The game mixes all known types of scary things – Japanese horrors, zombies, a maniac who’s running after our characters. Must admit that the mix is rather successful. Yeah, the story is full of clich├ęs and if it was a movie we’d probably just skip it without any regrets. But for a video game this is definitely something new. All pieces are glued together well enough, we’re getting all necessary explanations and I didn’t feel that I was being tricked. Choices… they matter. Not to the extent they might’ve but the number of people who’ll make it through the night is certainly depends on what you’re selecting in dialogues and how you’re acting in key scenes.

Choices, choices…

What else… the game looks really well, especially in static (some animations are a bit weird, Mike’s in particular). Until Dawn is a scary game, especially in its first half, so it’s a good idea to play it in the evening and with turned off light. While in general everything in the game is “fine” some moments are above average – like episodes with the psychiatrist or a beautiful video I found in the sanatorium.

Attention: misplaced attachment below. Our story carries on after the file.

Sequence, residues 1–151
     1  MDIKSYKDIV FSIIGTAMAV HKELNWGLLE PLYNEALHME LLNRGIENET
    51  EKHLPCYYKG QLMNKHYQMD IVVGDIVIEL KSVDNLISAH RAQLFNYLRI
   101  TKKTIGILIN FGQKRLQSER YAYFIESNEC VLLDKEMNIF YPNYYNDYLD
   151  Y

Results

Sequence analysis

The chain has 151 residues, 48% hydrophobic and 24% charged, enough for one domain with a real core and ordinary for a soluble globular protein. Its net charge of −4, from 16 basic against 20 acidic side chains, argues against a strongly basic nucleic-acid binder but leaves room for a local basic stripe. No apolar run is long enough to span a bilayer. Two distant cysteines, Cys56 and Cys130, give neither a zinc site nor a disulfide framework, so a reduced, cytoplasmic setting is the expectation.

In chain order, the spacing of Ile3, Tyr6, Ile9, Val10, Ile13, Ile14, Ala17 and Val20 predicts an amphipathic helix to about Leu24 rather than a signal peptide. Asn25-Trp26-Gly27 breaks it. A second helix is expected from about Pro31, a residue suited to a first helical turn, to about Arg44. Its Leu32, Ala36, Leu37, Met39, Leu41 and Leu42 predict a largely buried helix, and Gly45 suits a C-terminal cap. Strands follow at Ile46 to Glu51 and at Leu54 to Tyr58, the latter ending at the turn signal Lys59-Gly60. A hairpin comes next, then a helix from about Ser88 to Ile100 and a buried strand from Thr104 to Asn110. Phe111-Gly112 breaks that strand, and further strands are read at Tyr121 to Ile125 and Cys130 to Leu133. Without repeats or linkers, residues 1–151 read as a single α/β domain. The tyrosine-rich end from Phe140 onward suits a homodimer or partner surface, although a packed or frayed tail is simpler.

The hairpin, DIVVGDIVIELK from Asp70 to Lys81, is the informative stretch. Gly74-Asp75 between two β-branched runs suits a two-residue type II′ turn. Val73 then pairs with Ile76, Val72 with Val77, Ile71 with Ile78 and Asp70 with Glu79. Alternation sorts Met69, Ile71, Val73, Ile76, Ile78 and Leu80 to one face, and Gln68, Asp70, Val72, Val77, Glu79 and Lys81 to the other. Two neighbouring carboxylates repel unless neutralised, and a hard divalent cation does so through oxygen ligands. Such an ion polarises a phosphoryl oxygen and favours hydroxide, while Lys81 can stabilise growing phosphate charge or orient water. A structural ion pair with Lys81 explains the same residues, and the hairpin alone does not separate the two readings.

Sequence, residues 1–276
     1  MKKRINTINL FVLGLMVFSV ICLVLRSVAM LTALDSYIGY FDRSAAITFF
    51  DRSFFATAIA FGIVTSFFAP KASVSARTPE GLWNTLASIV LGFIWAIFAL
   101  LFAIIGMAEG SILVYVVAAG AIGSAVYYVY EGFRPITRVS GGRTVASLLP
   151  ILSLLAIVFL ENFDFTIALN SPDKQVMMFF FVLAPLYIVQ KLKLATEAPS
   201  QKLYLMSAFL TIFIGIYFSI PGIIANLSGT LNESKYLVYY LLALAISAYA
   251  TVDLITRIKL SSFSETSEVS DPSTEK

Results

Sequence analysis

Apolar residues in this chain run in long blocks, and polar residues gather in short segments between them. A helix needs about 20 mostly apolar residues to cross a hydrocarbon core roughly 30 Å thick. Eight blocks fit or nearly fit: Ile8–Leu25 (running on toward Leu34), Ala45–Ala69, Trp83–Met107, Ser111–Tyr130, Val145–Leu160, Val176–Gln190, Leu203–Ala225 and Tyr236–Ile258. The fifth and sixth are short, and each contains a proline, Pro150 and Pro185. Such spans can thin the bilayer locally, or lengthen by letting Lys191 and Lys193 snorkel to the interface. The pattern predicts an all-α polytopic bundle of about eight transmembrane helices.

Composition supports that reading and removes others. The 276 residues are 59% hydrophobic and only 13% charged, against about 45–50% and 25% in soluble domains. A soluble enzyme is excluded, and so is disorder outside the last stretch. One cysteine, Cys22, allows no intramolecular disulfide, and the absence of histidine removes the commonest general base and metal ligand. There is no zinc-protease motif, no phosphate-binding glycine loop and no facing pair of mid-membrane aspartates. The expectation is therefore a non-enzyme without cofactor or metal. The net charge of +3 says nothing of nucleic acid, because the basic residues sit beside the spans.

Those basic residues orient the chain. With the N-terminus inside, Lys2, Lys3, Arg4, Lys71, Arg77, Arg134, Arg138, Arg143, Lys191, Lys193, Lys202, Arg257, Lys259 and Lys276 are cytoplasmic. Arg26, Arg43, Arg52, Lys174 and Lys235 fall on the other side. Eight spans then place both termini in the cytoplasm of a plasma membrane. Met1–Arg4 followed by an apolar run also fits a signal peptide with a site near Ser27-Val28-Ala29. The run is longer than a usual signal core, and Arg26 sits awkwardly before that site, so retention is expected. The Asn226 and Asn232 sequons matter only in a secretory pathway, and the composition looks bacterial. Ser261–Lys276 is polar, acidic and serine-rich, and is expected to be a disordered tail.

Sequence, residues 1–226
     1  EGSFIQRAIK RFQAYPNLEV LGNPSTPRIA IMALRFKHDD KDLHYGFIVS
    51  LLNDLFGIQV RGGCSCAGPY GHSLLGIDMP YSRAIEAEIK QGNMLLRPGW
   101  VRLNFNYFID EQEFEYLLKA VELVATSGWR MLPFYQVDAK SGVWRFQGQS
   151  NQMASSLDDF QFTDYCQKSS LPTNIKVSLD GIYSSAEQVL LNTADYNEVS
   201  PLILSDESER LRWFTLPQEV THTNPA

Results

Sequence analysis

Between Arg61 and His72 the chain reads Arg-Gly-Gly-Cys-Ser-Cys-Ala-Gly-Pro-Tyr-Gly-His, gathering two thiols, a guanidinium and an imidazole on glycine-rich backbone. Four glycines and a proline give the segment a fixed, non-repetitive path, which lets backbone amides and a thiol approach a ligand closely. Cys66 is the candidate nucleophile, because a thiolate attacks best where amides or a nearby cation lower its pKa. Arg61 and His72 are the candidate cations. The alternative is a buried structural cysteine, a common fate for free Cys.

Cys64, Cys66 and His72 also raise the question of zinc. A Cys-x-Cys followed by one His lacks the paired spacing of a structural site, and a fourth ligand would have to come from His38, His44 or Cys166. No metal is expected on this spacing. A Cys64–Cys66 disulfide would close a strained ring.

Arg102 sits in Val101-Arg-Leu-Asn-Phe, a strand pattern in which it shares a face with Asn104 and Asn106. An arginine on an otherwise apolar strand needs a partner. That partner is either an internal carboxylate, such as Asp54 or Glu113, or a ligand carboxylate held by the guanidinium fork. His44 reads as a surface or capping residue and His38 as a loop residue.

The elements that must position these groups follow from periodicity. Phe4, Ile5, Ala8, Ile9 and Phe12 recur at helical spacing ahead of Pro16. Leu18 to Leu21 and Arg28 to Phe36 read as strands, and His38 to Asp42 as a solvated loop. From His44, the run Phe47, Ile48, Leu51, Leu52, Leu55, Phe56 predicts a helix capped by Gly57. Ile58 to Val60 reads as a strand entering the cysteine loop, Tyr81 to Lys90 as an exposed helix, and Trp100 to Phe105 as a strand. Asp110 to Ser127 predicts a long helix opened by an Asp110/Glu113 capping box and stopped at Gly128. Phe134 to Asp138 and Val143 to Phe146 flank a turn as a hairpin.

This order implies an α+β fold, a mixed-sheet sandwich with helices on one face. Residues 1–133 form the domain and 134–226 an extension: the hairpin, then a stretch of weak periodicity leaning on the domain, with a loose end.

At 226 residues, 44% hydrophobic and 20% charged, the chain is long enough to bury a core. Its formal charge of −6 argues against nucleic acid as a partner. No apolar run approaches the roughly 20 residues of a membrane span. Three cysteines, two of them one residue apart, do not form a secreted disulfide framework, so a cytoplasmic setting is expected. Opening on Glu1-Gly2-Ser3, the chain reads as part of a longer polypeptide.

One of features of the game – the actors were used not only for the motion capture but as, you know, actors

The Witcher 3

Despite the size of The Witcher 3 (it’s huge!) I’m going to write just a few lines about this game, which I, finally, finished the other day.

First of all, about its graphics – I’m pretending to be a graphics programmer, after all. Considering the vast world of the game I’m not able to find anything worth rambling about. The characters and everything else in the game look a bit stylized but altogether it feels like real medieval cities/villages with real humans and not-so-humans inhabiting these places. And the game runs pretty smoothly on PS4.